Connections 2022 - Hot in Networking Track
Register - HERE
The timing of the event would be 19:30 India, 14:00 UTC, 10:00 ET, 07:00 PT for 2.5 hours each day.
Day 3 (Wednesday) would be the Hot in Networking track -
Lightweight Mixnets by Martin Thomson
Networked services are an integral part of how a connected world operates. We use them every day, often without realizing it. But our use of services can create a lot of waste information, a lot of which is private. This private information often accumulates in servers. While some services find uses for that information, those uses can be disrespectful of individual privacy. Oblivious HTTP is a new lightweight protocol that can be used to minimize the amount of private information that servers are exposed to.
Martin Thomson enjoys making protocols. He takes particular pride in making protocols that lots of people use, like HTTP/2, QUIC, and WebPush. Making protocols that are safer - more secure and private - is his particular focus. Martin is a Distinguished Engineer at Mozilla.
Semantic Routing - Challenges and Benefits of Routing on More than Just Addresses by Adrian Farrel
Routing of IP packets is well-known to be based on distributed algorithms that select the next hop towards the destination address along the best path to the destination. The measure of “best” is based on the metrics associated with the link. Typically the algorithms that calculate the best path are known as “shortest path first.”
Traffic Engineering (TE) techniques were developed to provide more sophisticated control of the paths that collections of packet flows took through the network to guarantee bandwidth and steer traffic away from the shortest paths.
Upper-layer applications (such as multiplayer immersive gaming, remote surgery, holographic conferencing, or even haptic augmented reality multiplayer 3D worlds) are now placing increasingly sophisticated demands on the network for better quality, more predictability, and increased reliability. At the same time, lower-layer network technologies are advancing rapidly, providing increased bandwidth to the home and to mobile hand-held devices creating an environment that enables the potential of advanced applications running concurrently by vast numbers of end-users. These demands coincide with a growing trend to extend end-to-end communications to include machines and services through 5G, IoT and vehicular connectivity, and space-terrestrial communication.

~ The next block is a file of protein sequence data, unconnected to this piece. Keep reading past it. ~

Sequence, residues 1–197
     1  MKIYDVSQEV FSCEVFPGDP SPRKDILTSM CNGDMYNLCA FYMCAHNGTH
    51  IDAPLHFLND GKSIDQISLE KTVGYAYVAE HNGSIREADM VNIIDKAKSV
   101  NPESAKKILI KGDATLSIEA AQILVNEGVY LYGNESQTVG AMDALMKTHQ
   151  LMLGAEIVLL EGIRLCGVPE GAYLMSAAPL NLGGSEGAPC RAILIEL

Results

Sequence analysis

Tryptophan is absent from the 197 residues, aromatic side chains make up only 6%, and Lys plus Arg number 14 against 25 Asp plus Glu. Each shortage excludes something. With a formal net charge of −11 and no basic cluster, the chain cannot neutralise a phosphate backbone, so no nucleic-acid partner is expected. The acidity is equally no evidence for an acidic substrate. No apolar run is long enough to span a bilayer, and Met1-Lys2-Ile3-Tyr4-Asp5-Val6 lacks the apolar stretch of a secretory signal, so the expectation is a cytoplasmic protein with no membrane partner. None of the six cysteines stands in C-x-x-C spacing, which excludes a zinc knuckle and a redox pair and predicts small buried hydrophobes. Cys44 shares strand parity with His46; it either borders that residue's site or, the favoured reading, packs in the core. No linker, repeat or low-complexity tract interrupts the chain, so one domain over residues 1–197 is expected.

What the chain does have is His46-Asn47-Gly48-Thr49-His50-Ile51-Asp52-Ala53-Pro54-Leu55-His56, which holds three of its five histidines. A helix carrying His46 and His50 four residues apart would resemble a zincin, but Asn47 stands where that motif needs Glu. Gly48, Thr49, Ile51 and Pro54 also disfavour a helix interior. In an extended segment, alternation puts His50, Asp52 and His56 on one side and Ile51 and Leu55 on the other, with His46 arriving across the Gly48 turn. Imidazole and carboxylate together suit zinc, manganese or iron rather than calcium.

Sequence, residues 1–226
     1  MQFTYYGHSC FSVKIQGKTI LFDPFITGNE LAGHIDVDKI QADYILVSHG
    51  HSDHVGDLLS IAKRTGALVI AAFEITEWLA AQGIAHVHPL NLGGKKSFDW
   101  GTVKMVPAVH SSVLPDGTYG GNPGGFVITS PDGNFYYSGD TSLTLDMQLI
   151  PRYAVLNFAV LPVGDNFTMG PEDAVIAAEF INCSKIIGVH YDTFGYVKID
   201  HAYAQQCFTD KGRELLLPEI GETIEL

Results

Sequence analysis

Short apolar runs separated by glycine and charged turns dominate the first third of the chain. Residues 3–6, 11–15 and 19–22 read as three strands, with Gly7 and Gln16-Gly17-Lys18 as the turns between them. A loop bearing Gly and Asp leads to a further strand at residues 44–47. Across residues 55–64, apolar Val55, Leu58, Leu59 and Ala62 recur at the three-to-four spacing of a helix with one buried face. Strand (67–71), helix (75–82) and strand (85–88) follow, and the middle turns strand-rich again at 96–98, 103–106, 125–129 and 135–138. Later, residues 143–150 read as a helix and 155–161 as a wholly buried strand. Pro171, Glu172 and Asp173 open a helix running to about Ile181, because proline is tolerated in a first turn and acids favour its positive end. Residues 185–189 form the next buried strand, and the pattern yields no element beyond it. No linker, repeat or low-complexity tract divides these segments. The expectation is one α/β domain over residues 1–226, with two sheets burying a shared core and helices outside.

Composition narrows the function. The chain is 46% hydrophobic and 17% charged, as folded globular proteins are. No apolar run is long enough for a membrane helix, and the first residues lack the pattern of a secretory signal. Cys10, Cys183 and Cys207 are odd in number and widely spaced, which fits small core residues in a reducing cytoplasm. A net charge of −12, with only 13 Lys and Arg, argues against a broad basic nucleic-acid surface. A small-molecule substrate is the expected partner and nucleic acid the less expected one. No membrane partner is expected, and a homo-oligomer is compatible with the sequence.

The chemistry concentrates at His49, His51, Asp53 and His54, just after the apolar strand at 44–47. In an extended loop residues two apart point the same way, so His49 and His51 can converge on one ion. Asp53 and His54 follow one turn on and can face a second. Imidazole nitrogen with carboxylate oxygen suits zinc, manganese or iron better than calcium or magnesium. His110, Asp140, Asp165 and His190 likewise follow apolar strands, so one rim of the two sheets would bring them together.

The convergence of these innovations places requirements on the network to deliver particular service level behaviors on a per-flow basis. Unfortunately, TE techniques for bundling extensive collections of flows are neither scalable nor sufficiently granular to meet these needs.
Semantic Routing is the process of achieving enhanced routing decisions based on semantics added to IP headers to provide differentiated paths for different packet flows distinct from simple shortest path first routing. The additional information or "semantics" may be placed in existing header fields (such as the IPv6 Traffic Class field or the destination address) or may be achieved by adding fields to the header.
This talk will examine the application of Semantic Routing and how it allows packets from different flows (even between the same applications on the same devices) to be marked for different treatment in the network.
We will present an overview of some of the many ways that Semantic Routing has been proposed, from some well-established techniques to newer proposals such as SRv6 Network Programming and Application-Aware Networking (APN). We will also examine how Semantic Routing may be integrated with SDN and programmable forwarding planes.